The Four Evangelists

The Four Evangelists – Belser Verlag – Urbinas Latinus 10 – Biblioteca Apostolica Vaticana (Vatican City, State of the Vatican City)

Ferrara (Italy) β€” Around 1474

From uneducated mercenary to generous patron of the arts: the perfectly executed Renaissance portraits of the Four Evangelists from a gospel book for the successful condottiere and Duke of Urbino Federico da Montefeltro

  1. Federico da Montefeltro (1422–82) was one of the most famous rulers of 15th century Italy

  2. The Duke of Urbino commissioned some of the finest manuscripts of the Italian Renaissance

  3. These four Evangelist portraits are Quattrocento masterpieces presented in passe-partouts

The Four Evangelists

Facsimile Copy Available!
Price Category: €
(under 1,000€)
  1. Description
  2. Detail Picture
  3. Single Page
  4. Facsimile Editions (1)
The Four Evangelists

This single-page collection presents four of the most stunning Evangelist portraits probably ever created. They derive from the splendid Gospels of the Duke of Urbino, Federico da Montefeltro (1422–82), which is preserved in the Vatican Library under the shelfmark Urbinas Latinus 10. The precious manuscript was produced around 1474 either in Ferrara or Urbino by order of the famous condottiere, who was known for his spectacular rise and military skill, but also as a great patron of the arts and a just lord who ruled according to humanistic principles. The four large-scale and gold-decorated Evangelist images of his Gospel Book represent a highlight of his rich art collection, and are notable for their realistic depiction of the body and their breathtaking coloring. The four Evangelists are set in wide, fantastical landscapes against brilliant blue skies, while the pages are enclosed by beautiful decorated framings.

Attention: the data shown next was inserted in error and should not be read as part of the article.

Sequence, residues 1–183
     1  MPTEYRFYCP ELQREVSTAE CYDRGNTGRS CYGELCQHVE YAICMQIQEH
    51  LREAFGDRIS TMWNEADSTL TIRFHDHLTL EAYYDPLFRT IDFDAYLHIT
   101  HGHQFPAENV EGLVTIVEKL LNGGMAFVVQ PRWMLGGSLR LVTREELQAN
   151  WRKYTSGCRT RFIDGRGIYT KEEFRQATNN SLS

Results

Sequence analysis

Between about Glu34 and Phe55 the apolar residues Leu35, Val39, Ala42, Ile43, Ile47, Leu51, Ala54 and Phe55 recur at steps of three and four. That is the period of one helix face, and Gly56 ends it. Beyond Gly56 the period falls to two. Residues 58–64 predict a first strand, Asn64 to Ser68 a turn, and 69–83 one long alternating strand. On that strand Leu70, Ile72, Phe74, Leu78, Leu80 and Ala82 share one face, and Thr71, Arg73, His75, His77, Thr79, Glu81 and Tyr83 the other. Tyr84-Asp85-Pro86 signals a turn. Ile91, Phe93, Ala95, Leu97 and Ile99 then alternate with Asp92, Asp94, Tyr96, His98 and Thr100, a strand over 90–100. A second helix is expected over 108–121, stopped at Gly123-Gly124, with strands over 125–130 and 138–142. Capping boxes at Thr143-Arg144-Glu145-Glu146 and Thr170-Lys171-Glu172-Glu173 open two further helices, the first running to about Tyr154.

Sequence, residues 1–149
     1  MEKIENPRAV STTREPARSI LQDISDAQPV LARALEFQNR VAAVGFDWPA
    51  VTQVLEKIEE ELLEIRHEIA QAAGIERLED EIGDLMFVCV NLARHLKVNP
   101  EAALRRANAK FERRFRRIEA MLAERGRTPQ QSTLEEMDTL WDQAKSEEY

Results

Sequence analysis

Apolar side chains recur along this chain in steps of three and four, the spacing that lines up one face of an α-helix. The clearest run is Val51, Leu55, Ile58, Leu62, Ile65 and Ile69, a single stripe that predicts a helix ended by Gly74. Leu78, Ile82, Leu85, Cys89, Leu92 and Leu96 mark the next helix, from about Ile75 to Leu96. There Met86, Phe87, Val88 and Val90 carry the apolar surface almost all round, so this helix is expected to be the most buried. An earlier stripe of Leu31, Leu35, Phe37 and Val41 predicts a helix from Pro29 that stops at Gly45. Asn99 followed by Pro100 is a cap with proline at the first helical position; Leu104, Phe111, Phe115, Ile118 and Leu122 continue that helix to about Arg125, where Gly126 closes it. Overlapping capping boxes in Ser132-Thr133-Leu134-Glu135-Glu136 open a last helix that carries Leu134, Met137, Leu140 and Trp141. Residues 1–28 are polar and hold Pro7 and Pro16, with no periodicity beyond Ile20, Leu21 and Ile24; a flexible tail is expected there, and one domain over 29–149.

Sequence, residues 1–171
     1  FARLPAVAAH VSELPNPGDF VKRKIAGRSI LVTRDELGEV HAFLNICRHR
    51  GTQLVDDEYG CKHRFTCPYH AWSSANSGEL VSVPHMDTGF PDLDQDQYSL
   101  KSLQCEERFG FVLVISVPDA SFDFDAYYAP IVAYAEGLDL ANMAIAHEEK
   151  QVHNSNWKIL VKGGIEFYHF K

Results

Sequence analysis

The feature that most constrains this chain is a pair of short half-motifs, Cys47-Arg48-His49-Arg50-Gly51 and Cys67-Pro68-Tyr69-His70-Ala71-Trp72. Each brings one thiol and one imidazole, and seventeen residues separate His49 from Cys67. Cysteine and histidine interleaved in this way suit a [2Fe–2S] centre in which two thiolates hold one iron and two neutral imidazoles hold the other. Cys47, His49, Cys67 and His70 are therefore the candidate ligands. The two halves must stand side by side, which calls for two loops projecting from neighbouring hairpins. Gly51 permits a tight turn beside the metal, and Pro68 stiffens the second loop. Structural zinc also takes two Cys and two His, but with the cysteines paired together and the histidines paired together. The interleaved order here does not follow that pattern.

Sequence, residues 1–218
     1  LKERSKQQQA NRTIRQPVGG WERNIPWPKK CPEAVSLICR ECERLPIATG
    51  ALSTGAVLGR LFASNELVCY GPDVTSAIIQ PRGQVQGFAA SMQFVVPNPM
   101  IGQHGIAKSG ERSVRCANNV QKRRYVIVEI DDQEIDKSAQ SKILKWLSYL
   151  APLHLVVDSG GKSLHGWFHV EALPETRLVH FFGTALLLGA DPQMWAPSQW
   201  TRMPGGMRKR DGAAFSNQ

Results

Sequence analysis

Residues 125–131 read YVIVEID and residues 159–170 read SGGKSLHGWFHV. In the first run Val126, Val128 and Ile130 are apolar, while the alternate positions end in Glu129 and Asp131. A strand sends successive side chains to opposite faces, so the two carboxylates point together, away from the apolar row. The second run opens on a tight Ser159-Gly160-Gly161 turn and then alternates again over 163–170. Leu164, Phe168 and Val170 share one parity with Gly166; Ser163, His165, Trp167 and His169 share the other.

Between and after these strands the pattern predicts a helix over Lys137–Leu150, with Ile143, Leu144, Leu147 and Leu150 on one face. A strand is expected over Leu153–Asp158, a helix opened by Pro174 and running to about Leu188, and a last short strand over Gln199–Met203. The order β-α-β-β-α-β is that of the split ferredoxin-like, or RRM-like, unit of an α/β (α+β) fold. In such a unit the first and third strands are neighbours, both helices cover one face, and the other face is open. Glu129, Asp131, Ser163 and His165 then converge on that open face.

The Four Evangelists

The Book of Gospels that once belonged to the Duke of Urbino is a masterfully executed but practical religious text with dΓ©cor limited to canon tables, the opening page of the prologue of St. Jerome featuring an elaborate frame and a historiated initial of the famous ascetic and Church Father, numerous smaller colored initials, and four incipit pages across from which these masterful Evangelist portraits appear. Artistically, these are the β€œmeat” of the manuscript and are outstanding specimens of this ancient tradition of Christian art that exhibit the technical innovations of the Italian Renaissance. These four Evangelist portraits are richly colored and highlighted with gold, presented in artful frames, and depict the authors of the Gospels with natural body postures, facial expressions, and garment fall of folds. Some feature elaborate landscapes in the background while all are presented with their Evangelist symbols, artful initials and opening lines of text written so neatly they appear printed.

Evolution of the Evangelist Portrait

Evangelist portraits are among the oldest images in Christian art and originated from the classical tradition of author portraits and the conventions of consular portraits from Late Antiquity. Evangelist portraits modelled on the latter show the author holding their Gospel but not writing it, front-facing, enthroned, and surrounded by an elaborate, often architectural frame. The Insular tradition of illumination introduced the variation of showing them seated at an oblique angle and engaged in writing their respective Gospels as well as pairing the Evangelists with their symbols: the Lion of Mark, the Eagle of John, the Ox or Calf of Luke and the Angel or Man of Matthew. In some cases, these symbols were depicted as though they were giving dictation.

The Light of Italy